“I can’t leave you here.” He wipes the back of his hand over his forehead, smearing god knows what combination of body fluids.

“Yes. You can. We had a signal not two miles back. You can run that far, can’t you?” She’s trembling so violently her voice quivers, but she says nothing about cold or pain.

“That’s not the point. You could lose consciousness any second. They’ll be here the minute someone figures out you’re not dead.”

“You know there’s no alternative.” Her tiny smile makes him want to touch her cheek.

He slams a fresh clip into each of the remaining weapons and places both of them beside her right hand.

“Jack, you can’t-”

“You keep both of them or I don’t go.”

“What if they find you first?”

“This isn’t negotiable.”

“Goddammit. Fine.”

“If you hear them, can you stand long enough to use one of the trees as cover?”

“I don’t know.” Pause. “Maybe.”

“Okay.” Brushing the back of his fingers over the clammy skin of her arm, he gets up and runs, trying to think of nothing but the forward propulsion of his muscles, the expansion and contraction of his chest.

He doesn’t look back.


The crunch and snap of Jack’s racing footsteps fades within seconds, leaving behind nothing more than rustling leaves and an intermittent birdcall.

She grips one of the weapons, finger resting on the trigger, metal chill cooling her palm.

The noise in prison was relentless. Mostly, she’d stared at the water damage on the ceiling, listening to the guards’ muffled conversations, unintelligible ranting from some disgruntled inmate.

When she managed briefly to fall asleep, she dreamt of camping trips, wind in the trees the only sound beyond her own breathing. It took her only hours to comprehend that while almost everything was beyond her control, one thing was not.


She responded when addressed by a guard or the warden. Beyond that, no one could punish her for her personal war on chaos. Yet six months of silence, enforced or voluntary, is difficult to reverse in a few days.

The fact that she talked to Jack for at least an hour last night continues to mystify her.

Her stomach tightens. Rustling. Not leaves this time. Occasional whispers, drawing closer.

She wipes clammy hands on her shirt and wraps a palm firmly around the butt of each gun.

Breathing shallowly, she waits.


He’s drifting in the ether between sleep and consciousness when he hears the cheap hospital sheets shifting.

“Why are you here?” She’s squinting, confused.

He wants to hold his fingertips to the place on her neck where he can see her heart beating, comforting and rhythmic.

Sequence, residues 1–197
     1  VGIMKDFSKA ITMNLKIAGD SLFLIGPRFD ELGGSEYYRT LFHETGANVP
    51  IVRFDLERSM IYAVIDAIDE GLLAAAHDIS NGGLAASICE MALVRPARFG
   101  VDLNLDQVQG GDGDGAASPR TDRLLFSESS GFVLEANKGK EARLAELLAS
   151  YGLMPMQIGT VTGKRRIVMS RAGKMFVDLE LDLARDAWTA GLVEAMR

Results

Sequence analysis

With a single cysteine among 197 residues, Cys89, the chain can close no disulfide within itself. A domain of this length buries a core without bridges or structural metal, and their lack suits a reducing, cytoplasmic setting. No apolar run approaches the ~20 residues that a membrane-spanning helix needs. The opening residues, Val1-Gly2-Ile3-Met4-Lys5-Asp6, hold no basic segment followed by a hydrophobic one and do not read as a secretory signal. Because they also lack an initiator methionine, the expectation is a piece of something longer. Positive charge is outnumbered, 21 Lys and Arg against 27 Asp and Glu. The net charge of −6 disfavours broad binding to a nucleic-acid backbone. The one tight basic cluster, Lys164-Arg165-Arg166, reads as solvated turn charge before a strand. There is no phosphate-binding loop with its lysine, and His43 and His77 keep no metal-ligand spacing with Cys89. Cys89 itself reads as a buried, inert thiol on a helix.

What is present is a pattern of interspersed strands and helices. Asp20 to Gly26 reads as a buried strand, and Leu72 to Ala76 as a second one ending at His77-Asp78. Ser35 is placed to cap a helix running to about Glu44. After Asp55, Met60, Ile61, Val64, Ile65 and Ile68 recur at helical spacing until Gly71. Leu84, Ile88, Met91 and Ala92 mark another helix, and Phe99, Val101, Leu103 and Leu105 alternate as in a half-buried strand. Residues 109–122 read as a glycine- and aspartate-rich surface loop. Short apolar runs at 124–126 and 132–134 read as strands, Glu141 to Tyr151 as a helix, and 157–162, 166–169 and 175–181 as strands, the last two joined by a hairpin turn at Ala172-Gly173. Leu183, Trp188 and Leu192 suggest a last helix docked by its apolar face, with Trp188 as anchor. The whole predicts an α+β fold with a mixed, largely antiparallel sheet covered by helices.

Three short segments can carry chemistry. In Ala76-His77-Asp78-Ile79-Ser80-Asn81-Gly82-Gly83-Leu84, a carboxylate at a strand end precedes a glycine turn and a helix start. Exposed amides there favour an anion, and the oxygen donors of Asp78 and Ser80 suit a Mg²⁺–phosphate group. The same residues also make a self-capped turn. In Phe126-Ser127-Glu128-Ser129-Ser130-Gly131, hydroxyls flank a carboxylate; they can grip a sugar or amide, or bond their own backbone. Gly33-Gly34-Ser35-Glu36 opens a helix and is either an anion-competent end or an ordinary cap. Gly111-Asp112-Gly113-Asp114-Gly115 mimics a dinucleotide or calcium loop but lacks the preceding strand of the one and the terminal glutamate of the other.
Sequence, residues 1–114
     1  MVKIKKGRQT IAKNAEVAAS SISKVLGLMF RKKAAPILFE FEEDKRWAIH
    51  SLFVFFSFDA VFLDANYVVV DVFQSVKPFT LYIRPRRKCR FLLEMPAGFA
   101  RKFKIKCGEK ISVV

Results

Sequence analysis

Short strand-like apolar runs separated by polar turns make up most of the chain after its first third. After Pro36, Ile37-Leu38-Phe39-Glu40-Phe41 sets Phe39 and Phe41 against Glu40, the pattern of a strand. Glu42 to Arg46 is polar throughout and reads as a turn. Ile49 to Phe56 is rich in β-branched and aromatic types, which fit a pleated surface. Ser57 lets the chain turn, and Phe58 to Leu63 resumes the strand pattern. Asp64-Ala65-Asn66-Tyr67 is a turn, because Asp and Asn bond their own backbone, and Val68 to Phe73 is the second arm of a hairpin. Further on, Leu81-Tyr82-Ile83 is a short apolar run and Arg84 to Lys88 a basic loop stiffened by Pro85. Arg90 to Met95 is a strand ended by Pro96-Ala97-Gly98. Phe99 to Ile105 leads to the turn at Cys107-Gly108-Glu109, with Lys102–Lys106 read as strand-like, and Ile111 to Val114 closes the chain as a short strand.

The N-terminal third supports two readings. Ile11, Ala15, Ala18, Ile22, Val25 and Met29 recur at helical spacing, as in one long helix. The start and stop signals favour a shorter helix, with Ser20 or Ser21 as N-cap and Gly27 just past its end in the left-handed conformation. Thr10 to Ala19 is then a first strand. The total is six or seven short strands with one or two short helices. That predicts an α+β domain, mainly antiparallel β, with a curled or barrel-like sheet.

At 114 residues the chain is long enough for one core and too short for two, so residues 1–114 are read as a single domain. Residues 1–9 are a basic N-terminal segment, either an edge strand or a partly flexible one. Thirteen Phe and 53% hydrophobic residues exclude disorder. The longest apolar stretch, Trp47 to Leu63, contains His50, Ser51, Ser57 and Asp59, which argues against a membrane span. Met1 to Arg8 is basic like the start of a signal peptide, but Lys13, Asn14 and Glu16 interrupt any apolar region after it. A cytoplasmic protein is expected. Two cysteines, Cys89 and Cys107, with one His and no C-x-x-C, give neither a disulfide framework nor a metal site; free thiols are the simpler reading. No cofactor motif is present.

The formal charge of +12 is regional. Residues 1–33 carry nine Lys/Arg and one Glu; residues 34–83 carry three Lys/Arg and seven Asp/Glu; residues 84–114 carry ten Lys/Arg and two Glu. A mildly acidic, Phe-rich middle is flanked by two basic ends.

“I didn’t want you to wake up alone.” He rubs his eyes. “Do you remember what happened?”

“Yeah. I kicked ass.”

He observes, mesmerized, as the edges of her mouth transform their shape, a full-blown smile that illuminates her face.

His fingers compress the chair’s scratchy brown fabric, relief pulsing through him.

She’s back.


It takes effort to break the surface of consciousness. The painkillers render everything hazy.

The dim hospital room transiently reminds her of prison; she fights panic before she orients herself.

Jack sleeps in the stiff green chair, his hand jerking occasionally. His awkward posture makes her back hurt.

Predictably, his eyes open the instant she moves.

“You need anything?”

“No, thanks.”

Minutes drift by before he says, out of nowhere, “What did you hate most about prison?”

“Noise.” She fiddles with the hem of her hospital gown. “What did you hate most about China?”

“That they wouldn’t let me die.”


“Could you send me that last batch of files?” Renee peers at her monitor, her left hand maintaining its death grip on whichever cup of coffee this is.

12:52 a.m. He’s lost count.


“Yeah. Sorry. Just a second.” He clicks the mouse, searching for the right directory.

“These last five and we’re done. I’m in denial.”

He looks at her across the desk. Feet bare, one leg folded underneath her. Her perfume reminds him of sunrise, which he realizes is entirely insane.

“You must be so excited to head back to L.A.”

“I can’t wait.”

It’s mostly the truth.


The temperature plummets as they step from the restaurant’s warm interior into the frigid late-evening darkness.

Despite two generous glasses of Cabernet, Renee feels sedated, not relaxed.

Jack’s plane for L.A. leaves at 7:43 a.m.

The floating melancholy she’s been shadowboxing for days drifts around her, so palpable she half expects that if she only reached forward and closed her fist, she could capture a piece of the depressing fog.

She exhales, watching the vapor vanish as she glances at Jack. He’s studying one of the brightly lit Christmas trees in a shop window.

“What are you thinking?”

“Christmas. I can’t-” He coughs. “I’ve hated it for years. All the forced cheer and twenty-four hour shit music. I can’t remember the last time I didn’t spend the whole day trying not to think about Teri. She used to make me get up at fucking four a.m. the day after Thanksgiving to stand in line for whatever toy Kim wanted.” He smiles. “She’d give me this huge thermos of coffee and go back to bed. . .” He trails off. “I’m going to be with Kim and my granddaughter. I keep thinking something will happen. . .”

“It won’t.” She moves to get a better view of the tree that has him so transfixed. “I can’t wait to hear everything. I’m so-” She forces her toes forward in her shoe until they twist and hurt. “Glad.”

“Yeah.” Rough, the edges of his voice.

Shivering, Renee looks up toward the wreaths on the streetlamps, miniature halos decorating each individual white light.

She thinks about prison, grey brick and high-wattage fluorescent light. No beauty allowed.

On summer afternoons when she was small, five or six, she and her sister would take huge bottles of bubbles into the backyard and run barefoot through the grass until they reached their favorite rock. Then they’d sit and blow bubble clouds, competing to see who could catch the most without popping the fragile membranes.

Mostly, she failed. Yet every now and then, if the wind was right, if she was very lucky and very still, the magic alit on her finger. Suspended rainbows, shifting and swirling.